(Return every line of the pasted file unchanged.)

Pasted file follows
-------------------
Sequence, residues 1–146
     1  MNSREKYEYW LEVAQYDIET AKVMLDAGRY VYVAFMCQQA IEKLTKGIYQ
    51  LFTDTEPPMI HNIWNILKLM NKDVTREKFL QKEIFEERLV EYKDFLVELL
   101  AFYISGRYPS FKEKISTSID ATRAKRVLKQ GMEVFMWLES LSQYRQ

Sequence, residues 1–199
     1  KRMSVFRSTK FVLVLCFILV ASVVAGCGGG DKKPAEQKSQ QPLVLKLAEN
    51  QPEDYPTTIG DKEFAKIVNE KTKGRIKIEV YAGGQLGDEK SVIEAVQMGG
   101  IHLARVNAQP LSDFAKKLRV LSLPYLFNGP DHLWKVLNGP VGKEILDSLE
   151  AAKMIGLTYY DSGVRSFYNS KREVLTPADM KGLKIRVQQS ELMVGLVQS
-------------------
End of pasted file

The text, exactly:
Sequence, residues 1–146
     1  MNSREKYEYW LEVAQYDIET AKVMLDAGRY VYVAFMCQQA IEKLTKGIYQ
    51  LFTDTEPPMI HNIWNILKLM NKDVTREKFL QKEIFEERLV EYKDFLVELL
   101  AFYISGRYPS FKEKISTSID ATRAKRVLKQ GMEVFMWLES LSQYRQ

Sequence, residues 1–199
     1  KRMSVFRSTK FVLVLCFILV ASVVAGCGGG DKKPAEQKSQ QPLVLKLAEN
    51  QPEDYPTTIG DKEFAKIVNE KTKGRIKIEV YAGGQLGDEK SVIEAVQMGG
   101  IHLARVNAQP LSDFAKKLRV LSLPYLFNGP DHLWKVLNGP VGKEILDSLE
   151  AAKMIGLTYY DSGVRSFYNS KREVLTPADM KGLKIRVQQS ELMVGLVQS